I also want to thank my kids for sharing me with my parents, for their sacrifices as well, and for being so loving to their grandparents.  I love you both so much.

Of all the things you know about my Dad, there is one thing you may not know about, and that was his faith.  He had a strong faith, and it never wavered.  He prayed for a miracle for my mother right up until she took her last breath.  About a week before he passed, we talked about his defibrillator, and that I thought it was time we turned it off.  He wasn’t so sure about that, and I asked him if he was scared and he said “No”.  I told him I knew Mom was up there waiting on him, tapping her foot and asking Jesus, “What’s taking Rufus so long?”  Of course, Mom was the one that had no patience.  He smiled at that and said he couldn’t wait to see her again.  Three days later, as he was in and out, he grabbed at the air, and said “Come sit here Baby Doll.”  There is no doubt for me, they are together again.  I will miss them terribly, but I have great joy knowing they are together again.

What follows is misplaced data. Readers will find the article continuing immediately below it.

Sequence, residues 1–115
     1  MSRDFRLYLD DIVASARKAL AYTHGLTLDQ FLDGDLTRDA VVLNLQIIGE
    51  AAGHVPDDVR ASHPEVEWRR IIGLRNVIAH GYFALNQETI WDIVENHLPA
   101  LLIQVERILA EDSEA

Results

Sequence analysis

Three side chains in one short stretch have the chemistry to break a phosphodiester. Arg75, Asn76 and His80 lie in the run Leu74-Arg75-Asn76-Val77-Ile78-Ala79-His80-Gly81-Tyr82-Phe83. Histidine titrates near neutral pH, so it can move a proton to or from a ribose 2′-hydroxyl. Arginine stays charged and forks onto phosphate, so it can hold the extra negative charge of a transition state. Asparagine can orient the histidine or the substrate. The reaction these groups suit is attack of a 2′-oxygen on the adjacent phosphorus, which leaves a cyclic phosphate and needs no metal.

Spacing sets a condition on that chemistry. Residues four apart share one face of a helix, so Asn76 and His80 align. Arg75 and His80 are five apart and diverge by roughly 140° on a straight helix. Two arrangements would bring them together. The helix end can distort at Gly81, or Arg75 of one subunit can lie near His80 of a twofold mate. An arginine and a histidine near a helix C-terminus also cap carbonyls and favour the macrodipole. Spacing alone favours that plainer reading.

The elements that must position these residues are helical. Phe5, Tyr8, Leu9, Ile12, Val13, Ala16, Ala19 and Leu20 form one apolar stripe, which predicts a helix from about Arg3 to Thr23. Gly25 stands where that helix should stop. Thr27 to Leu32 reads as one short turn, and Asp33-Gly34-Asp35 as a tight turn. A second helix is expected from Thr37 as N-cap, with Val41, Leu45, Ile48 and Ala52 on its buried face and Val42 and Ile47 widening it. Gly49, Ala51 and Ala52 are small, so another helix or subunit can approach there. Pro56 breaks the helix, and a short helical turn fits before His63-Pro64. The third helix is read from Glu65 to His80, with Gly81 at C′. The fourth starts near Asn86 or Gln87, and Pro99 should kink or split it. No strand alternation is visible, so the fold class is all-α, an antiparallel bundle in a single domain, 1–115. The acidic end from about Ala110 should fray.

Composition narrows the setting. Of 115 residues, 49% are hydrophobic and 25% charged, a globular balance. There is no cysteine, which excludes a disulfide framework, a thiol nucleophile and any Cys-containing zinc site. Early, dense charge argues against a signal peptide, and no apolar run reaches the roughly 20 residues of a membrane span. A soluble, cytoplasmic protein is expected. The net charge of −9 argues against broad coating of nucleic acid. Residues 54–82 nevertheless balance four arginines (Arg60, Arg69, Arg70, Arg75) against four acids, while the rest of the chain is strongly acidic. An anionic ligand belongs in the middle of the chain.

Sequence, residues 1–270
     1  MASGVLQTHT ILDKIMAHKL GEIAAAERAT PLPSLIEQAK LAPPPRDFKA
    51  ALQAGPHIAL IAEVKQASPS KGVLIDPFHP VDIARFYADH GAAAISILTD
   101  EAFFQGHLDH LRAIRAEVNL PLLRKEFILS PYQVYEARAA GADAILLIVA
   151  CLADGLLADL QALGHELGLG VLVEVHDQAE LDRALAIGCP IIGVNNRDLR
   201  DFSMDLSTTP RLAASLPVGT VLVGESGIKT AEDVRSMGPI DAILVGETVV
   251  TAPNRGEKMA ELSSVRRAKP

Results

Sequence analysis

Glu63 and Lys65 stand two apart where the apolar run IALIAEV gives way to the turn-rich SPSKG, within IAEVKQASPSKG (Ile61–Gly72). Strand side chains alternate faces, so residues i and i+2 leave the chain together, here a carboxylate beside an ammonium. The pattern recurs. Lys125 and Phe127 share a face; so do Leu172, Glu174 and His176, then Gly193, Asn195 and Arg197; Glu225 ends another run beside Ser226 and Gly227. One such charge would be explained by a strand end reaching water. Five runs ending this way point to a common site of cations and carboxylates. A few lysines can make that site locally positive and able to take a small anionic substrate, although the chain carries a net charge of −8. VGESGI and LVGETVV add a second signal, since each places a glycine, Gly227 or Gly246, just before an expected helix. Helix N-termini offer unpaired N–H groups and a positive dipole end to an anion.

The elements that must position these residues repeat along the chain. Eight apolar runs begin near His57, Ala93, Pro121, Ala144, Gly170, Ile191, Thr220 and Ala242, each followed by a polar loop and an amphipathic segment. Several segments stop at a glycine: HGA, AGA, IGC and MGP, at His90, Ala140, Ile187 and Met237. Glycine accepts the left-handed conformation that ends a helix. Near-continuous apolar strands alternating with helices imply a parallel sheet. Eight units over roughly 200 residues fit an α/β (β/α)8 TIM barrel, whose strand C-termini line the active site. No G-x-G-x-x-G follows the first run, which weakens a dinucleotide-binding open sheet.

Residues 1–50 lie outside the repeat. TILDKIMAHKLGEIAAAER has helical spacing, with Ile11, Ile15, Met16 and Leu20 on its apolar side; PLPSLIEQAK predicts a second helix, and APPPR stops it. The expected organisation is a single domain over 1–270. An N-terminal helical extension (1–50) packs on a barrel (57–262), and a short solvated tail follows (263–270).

He thought of his friends as family, and I know he loved each one of you here in this room.  I know this because I heard him pray for each of you every night.  Thank you all for coming and thank you for being good friends to my parents.

RIP in Dad. I love and miss you terribly.

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4 comments on “Rufus Earl Higginbotham, Jr., 85 Years loved!